Chelsea knows this story all too well. A manager comes in to rebuild and perhaps even revolutionize the club. There are bumps in the road as there always is, of course, but they eventually get through the rough patch and on to an easier path. This path culminates with the team topping the Premier League as fans and rivals alike whisper about titles all too soon. Then, inexplicably, it completely collapses. The manager that was seemingly leading them to a promised land increasingly looks like the emperor without clothes.
It’s a story Chelsea just finished and one Tottenham is on at the same time. Jose Mourinho had Spurs high flying in December, not unlike Frank Lampard at Chelsea. But the winter slog plays no favorites and Spurs, like Chelsea, has begun to tumble. Tottenham was top on matchday 12 and lost to Liverpool on matchday 13 to fall out of first. In the seven matches since, they lost three times and drew twice. That is a blow on its own but that the losses included Leicester and Liverpool, Spurs began to slip completely out of the title race.
The recent loss to Brighton, masters of the xG but not actual goals, will certainly not have helped manners. Mourinho is turning inward as he often does during these moments and that rarely ends well for coach or club. He will certainly not want the new Chelsea manager Thomas Tuchel, whom he has never managed against, to get any sort of advantage at the Special One’s former club.
Tuchel will prove a tricky adversary for Mourinho, if for no other reason than he can’t pin him down. Mourinho can buck the conventions of Pep Guardiola that football must be beautiful or Jurgen Klopp’s insistence that it is about the stories, but Tuchel fits awkwardly into both. Tuchel wants the team to look beautiful and mean something to fans, but like Mourinho, he wants them to win almost over everything else. Just as Mourinho looks for ways to exploit and hinder the opposition, so too does Tuchel. Neither is an adherent to “our style of play” if it means weakening themselves to the opponent.
When facing three at the back, Mourinho typically takes it a step forward with a system that more or less defends as a 6-2-2. Lampard may have tricked Mourinho a few times with tactical switches, but overall Mourinho does know how to stifle three at the back if he expects it. The system’s 3-2-5 offensive shape is stifled against a six man defensive line and matched man for man in midfield. Two strikers against three centerbacks on a counter seems like a disadvantage, but with two strikers that like to spread wide it can create gaps the back three struggles with. This has been Mourinho’s ploy against nearly every three at the back since Antonio Conte made it popular in the Premier League and it has mostly worked, even if it sucks most of the life out of the game.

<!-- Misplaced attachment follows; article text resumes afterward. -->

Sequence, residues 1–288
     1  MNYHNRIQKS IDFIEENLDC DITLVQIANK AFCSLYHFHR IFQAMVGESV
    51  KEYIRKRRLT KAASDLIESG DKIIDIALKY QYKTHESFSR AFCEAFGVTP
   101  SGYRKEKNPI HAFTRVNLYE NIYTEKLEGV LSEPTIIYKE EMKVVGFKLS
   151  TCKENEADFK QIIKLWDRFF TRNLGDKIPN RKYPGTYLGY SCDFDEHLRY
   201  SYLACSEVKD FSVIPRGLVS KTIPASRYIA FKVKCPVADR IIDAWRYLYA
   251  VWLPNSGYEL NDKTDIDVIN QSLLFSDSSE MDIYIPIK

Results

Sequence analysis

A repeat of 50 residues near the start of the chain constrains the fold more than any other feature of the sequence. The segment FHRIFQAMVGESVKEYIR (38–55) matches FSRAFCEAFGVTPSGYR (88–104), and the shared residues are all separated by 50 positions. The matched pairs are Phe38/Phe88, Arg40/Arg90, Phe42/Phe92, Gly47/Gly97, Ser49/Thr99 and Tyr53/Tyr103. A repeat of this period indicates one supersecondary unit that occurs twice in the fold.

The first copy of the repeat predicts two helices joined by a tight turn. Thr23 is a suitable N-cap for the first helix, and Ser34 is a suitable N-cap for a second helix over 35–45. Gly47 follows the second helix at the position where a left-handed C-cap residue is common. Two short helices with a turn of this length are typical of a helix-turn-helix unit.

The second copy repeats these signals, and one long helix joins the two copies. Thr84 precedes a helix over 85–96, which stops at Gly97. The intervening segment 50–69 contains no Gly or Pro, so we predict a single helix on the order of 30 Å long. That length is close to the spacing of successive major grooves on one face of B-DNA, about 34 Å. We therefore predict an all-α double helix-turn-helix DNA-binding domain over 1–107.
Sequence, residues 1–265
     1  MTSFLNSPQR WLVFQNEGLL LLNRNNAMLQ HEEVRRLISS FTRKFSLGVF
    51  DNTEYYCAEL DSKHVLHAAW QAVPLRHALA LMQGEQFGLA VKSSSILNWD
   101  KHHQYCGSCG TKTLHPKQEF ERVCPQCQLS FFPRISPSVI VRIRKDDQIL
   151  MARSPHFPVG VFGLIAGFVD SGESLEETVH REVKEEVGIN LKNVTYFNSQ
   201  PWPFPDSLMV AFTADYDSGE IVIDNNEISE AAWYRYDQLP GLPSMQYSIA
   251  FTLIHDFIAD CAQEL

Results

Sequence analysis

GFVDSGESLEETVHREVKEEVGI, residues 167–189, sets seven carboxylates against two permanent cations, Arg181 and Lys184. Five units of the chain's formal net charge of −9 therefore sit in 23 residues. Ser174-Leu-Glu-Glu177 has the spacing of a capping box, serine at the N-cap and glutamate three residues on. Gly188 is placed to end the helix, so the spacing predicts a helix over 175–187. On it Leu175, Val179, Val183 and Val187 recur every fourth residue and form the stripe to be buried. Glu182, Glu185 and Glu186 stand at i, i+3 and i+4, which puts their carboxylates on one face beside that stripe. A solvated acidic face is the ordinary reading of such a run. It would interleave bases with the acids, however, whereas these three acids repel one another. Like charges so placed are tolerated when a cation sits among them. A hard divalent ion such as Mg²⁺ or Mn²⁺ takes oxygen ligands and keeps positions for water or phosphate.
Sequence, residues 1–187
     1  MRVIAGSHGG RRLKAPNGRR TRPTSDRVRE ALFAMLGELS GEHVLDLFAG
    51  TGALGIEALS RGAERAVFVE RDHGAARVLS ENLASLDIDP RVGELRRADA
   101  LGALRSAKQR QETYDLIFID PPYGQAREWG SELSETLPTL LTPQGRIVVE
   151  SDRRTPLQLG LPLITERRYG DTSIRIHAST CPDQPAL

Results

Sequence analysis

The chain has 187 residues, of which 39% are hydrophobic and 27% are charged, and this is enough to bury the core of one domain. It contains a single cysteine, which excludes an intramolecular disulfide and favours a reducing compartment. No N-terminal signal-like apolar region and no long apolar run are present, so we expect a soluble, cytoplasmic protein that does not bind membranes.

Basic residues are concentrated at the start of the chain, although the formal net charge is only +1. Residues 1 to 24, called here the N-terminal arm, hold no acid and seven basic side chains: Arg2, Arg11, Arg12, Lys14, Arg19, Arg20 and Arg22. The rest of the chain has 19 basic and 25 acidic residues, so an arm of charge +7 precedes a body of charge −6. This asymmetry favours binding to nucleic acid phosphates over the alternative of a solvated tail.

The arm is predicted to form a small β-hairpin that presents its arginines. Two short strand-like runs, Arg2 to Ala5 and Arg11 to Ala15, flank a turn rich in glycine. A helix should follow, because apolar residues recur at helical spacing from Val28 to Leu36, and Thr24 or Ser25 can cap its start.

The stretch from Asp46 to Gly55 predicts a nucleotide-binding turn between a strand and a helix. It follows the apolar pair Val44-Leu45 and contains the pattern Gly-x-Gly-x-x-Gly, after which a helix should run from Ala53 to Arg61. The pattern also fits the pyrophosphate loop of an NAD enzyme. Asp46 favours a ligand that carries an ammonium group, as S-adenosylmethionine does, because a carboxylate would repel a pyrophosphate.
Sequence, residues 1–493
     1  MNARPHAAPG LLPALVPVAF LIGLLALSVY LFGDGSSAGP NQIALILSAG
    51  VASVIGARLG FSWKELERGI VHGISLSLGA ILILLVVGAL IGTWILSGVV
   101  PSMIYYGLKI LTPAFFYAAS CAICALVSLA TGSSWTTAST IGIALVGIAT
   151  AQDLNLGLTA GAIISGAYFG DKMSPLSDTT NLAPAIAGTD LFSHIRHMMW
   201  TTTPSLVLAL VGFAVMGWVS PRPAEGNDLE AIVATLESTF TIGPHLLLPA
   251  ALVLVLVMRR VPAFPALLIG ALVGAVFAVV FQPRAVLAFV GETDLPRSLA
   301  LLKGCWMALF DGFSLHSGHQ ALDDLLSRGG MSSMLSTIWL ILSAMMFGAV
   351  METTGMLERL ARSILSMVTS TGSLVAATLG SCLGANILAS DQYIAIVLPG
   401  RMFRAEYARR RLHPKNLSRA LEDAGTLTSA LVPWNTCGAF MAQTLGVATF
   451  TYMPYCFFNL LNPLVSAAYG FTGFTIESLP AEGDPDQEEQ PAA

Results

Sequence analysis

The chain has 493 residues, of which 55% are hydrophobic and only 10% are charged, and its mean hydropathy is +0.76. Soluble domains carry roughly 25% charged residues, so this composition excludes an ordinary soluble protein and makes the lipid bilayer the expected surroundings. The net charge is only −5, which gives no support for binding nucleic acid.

Of course, that presupposes two factors. The first is Tuchel continuing with three at the back. If he is as clever at finding opposition weaknesses as advertised, he will recognize that 4-3-3 might be more beneficial for this match given how Spurs might react to the 3-4-3. It would also be very Tuchel to have line up that could be either without having to change a player.
The second factor is the lowering morale of Tottenham. When Mourinho teams are flying, they soar. When things are souring, it can be miserable. Chelsea saw something similar happen under Lampard and it is hard to separate it from what might have happened in Mourinho dressing rooms of old. Chelsea lost motivation and that affected their pressing and runs off the ball. Mourinho will not require either but defending so stoutly requires a similar level of motivation.
Ultimately, this may be a battle of who blinks first like the last few Lampard v Mourinho matches. Does Tuchel adapt to counter Mourinho, or does Mourinho adapt to counter Tuchel? Will the rising morale of Chelsea triumph over the souring of Tottenham? All will be answered on Thursday but it is sure to be a highly tactical contest.